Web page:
Why does education matter?

A reported 300 million young people around the world are without jobs because adverse circumstances or lack of opportunity mean they are unable to attend school or attain the education and skills they need to find success in life. Many are denied the chance to get the best education through barriers such as poverty, disadvantage, economic mobility and unequal access. Even when children and youth do go to school, they are not receiving the education standards they need. 250 million children struggle with numeracy and literacy. Combined with a lack of critical thinking, limited self-confidence and low resilience, the impact is damaging - leading to low-skilled work or, worse, no job at all.

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UN Secretary-General Ban Ki-moon
Source: A Framework for Business Engagement in Education, UN Global Compact Office, September 2013

More broadly, education is a key influence in social and economic development. It provides the workforce and the innovators of the future. Education is crucial to social cohesion too, because it enables people from a disadvantaged background to earn an income that can provide a better quality of life and inspire future generations.

Education is also vital to the future of business. In order to operate in prosperous communities business needs a skilled workforce and people who embrace critical thinking; this is equally true for Deutsche Bank and its clients. Those skills must be developed today, so as to ensure that they meet the needs of a fast-changing global marketplace.

At Deutsche Bank, we believe in the power of education and that every individual is born to be something. We want every child and young person to receive an education that helps them to fulfil their potential, which includes securing gainful and rewarding employment. Since the beginning of the 20th century Deutsche has been investing in educational initiatives to support the growth and prosperity of our global society. It is this legacy that drives our global Born to Be programme.

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young people (15-24 year olds) worldwide are not in employment or education (Economist, 2013)

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Children around the world can neither read nor write (UNESCO Education for All, Global Monitoring Report, 2013/14)

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Basic literacy skills could lift more than 170 million people out of poverty (UNESCO, 2014)

What are we doing to help?

Born to Be uses education-led programmes to unlock the potential of the next generation. Globally.

Through Born to Be, we target the barriers that prevent young people from achieving their full potential: the skills gap between what schools teach and what employers want. The inequality that means some young people enjoy more and better educational opportunities than others. The poverty that limits the ability to learn.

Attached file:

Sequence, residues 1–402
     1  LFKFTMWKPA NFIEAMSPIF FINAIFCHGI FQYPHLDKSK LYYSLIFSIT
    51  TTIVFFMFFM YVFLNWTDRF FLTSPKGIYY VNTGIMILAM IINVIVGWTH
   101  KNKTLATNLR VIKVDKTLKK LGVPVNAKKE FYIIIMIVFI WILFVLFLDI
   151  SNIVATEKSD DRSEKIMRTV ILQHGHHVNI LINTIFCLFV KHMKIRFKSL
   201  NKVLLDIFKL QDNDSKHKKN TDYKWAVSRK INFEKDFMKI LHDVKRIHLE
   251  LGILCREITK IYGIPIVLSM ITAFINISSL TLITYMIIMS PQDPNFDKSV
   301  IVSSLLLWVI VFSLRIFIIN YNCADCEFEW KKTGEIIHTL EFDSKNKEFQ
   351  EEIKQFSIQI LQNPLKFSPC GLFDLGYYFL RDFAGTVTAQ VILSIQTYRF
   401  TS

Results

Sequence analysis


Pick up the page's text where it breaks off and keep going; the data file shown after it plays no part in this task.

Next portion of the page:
Our strategy is to break the cycles that limit a young person’s prospects through early intervention. By working in partnership with groups ranging from grassroots organisations to thought leaders, we join forces with those who make a difference.

We recognise that there is no single solution to this challenge. Accordingly, our support ranges from funding innovative projects that develop employability skills to providing Deutsche Bank employees as mentors to inspire young people and help build capacity in organisations and advocacy efforts that aim to achieve sustainable change by working with policymakers.

Across all regions, Born to Be programmes develop what young people need to succeed in life: skills, aspirations and opportunities.

How we unlock potential

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How do we measure success?

We want to make a lasting difference through Born to Be. We set clear targets for each project and use our Global Impact Tracking tool as well as a defined Theory of Change to measure outcomes against our three pillars of aspirations, skills and opportunities.

They include progression from school into higher education and from education into employment, improvements in attitude and the acquisition of new skills. We also measure the inputs to projects to evaluate their effectiveness, including the contribution of our employees.

Deutsche Bank employees support our Born to Be participants and partners in many ways. They are mentors, coaches, teachers and leaders. Their involvements are as diverse as Born to Be itself.

Since the challenges young people face in life can vary hugely depending on where they are born in each country or region, Born to Be focuses on the most pressing issues affecting young people’s futures.

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Jürgen Fitschen
Deutsche Bank AG

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